CPPNJ - The Center for Psychoanalysis and Psychotherapy of New Jersey


Faculty Forum Report:  Monica Carsky Presents on Overwhelming Patients and Overwhelmed Therapists

By Debi Roelke

What makes patients begin to seem overwhelming? How do we as therapists end up feeling overwhelmed? At the CPPNJ Faculty Forum on November 4, Monica Carsky presented her recent paper addressing these very questions. She described her work with Frank Yeomans and the Kernberg research group involving many years of consultation with therapists who often feel they have reached the end of their rope.

Carsky’s work is grounded in the object relations model of Transference Focused Psychotherapy. TFP was first designed by Kernberg and his group to structure psychoanalytically oriented treatment of borderline personality disorder. More recently, they have focused on work with severe narcissistic character disorders. The crux of this treatment approach, grounded in a solid assessment of character structure and ego functioning, is the identification of internalized dyads: self and object representations in affective relation to each other. This here-and-now focused treatment aims to track which internal dyad is activated for the patient at any given moment in the transference relationship with the therapist. Quite often, in more severely disordered character structures, these internal dyadic roles shift back and forth between who is experienced in what role at any point in time. Although the therapist is experiencing the projections of these roles in the interaction with the patient, she seeks to maintain a reflective stance on these moment-to-moment transitions. The therapeutic goal is to identify which internal dyad is being activated and use interpretation to help the patient begin to understand how his internal world is determining his experience of relationships in the present moment.

Key to this process – and what can lead it to become overwhelming for both parties – is the presence of powerful, disavowed emotions that are intolerable to the patient, and which come to feel that way for the therapist as well. At this point, the therapist is overwhelmed in her ability to contain, reflect and interpret the patient’s internal object world. Carsky finds that aggression is most often the central issue. Many times, the aggression is also being acted out in other areas of the patient’s life, and as a result, he is doubly unable to become aware of the disavowed affects and internal dynamics involved. Anger, hate and devaluing are the kinds of powerful negative affects that become disavowed and projected in various forms. The resulting projective identifications are often the only way for the patient to communicate his need to defend against intolerable feelings of fear, envy, longings for dependency and/or closeness. This can create a sort of vicious cycle for the therapist in which there are intense and conflicting feelings of responsibility for the patient at the same time as feelings of being exploited. The tendency is to counter this with providing more flexibility and support to the patient, but with the therapist increasingly feeling trapped, “…like a prisoner of the patient.”  As the therapist relaxes the limits of the treatment frame in an attempt to respond supportively to the patient, the patient just seems to become increasingly worse.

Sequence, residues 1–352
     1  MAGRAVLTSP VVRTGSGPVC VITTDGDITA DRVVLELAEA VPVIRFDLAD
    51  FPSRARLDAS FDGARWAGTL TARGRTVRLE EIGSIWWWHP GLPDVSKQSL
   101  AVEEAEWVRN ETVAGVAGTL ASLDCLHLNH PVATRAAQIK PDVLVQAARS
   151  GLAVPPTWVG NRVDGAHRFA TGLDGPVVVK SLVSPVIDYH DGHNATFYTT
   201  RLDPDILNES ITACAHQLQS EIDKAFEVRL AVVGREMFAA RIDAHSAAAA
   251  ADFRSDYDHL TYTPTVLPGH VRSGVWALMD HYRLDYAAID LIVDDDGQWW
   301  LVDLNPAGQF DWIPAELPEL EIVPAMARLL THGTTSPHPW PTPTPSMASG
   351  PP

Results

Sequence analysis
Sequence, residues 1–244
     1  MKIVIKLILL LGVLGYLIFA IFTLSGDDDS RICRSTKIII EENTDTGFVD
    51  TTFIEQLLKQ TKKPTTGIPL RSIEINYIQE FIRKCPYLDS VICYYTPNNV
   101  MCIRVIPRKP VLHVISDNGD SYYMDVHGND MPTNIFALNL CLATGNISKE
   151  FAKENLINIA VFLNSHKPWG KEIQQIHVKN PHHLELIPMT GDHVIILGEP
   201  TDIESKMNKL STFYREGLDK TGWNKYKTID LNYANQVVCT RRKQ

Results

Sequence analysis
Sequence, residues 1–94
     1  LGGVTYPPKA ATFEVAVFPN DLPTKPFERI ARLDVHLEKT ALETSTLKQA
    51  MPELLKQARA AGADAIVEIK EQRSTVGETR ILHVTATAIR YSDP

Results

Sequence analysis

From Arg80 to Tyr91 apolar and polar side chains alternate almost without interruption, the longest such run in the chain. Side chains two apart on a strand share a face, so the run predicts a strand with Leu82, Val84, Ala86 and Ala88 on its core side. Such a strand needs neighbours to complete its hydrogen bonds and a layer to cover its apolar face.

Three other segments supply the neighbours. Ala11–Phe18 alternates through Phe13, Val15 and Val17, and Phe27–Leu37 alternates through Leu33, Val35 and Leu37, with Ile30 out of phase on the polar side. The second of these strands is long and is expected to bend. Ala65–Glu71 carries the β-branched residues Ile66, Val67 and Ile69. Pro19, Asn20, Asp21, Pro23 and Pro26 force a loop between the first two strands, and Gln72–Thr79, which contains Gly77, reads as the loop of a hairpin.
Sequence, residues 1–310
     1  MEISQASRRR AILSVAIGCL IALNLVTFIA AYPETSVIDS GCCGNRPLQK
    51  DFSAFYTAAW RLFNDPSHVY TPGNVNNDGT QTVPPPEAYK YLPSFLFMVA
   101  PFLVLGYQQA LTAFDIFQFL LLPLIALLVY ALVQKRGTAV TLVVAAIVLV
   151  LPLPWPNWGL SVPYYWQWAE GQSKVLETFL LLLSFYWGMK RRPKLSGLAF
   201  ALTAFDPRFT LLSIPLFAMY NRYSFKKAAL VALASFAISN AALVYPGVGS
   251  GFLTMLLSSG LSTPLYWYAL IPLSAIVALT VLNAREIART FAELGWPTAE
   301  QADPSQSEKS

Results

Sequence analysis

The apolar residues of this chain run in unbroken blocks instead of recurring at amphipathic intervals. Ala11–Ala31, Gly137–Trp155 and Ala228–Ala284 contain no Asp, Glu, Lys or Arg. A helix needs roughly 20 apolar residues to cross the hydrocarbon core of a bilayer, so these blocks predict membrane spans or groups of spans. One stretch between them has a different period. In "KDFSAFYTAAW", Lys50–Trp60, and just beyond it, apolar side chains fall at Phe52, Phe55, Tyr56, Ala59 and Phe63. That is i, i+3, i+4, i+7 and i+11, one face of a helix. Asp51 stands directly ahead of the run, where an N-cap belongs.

Carsky describes the process of intervening to short-circuit this vicious cycle. The most important step is returning to the clear boundaries of the treatment frame. Extricating oneself from the web of projected, disavowed affects that has created this vicious cycle is difficult and may require consultation: often, the therapist working in isolation without supervision or peer support sets up a treatment situation that is vulnerable to this process in the first place. Carsky notes that the therapist can be unconsciously pulled to join the patient in seeing the outside world as hostile or dangerous; once embedded in this way, the therapist has increasing difficulty identifying and interpreting this as disavowed aggression in the transference, and the reflective stance crucial to treatment is lost.

There are several other risk factors for overwhelming impasses in treatment. A limited or incomplete assessment is an important one: Carsky emphasized the importance of including family members and previous therapists in this critical treatment phase, another aspect of making sure that therapist and patient do not become an isolated couple who get lost in the patient’s internal object world.  Stress in the therapist’s own life which taxes her resources is another source of risk.  

Consultation can be necessary in helping to break an impasse and allow the therapist to regain enough distance to return to a reflective, interpretive stance. The intensity of the affects involved is what makes this so difficult; as Carsky says, “we have to bear it so we can help them become able to bear it.” The goal for therapists is to survive and manage the intense forms of projective identification that are playing out. Becoming the target of negative transferences challenges us to tolerate being seen differently from our cherished and familiar self-images, and these images can be very difficult to let go of. The end result, though, with a patient who can slowly become less ruled by his tyrannical inner object dyads, is an increasingly reality-based personal relationship in the unvarnished here and now.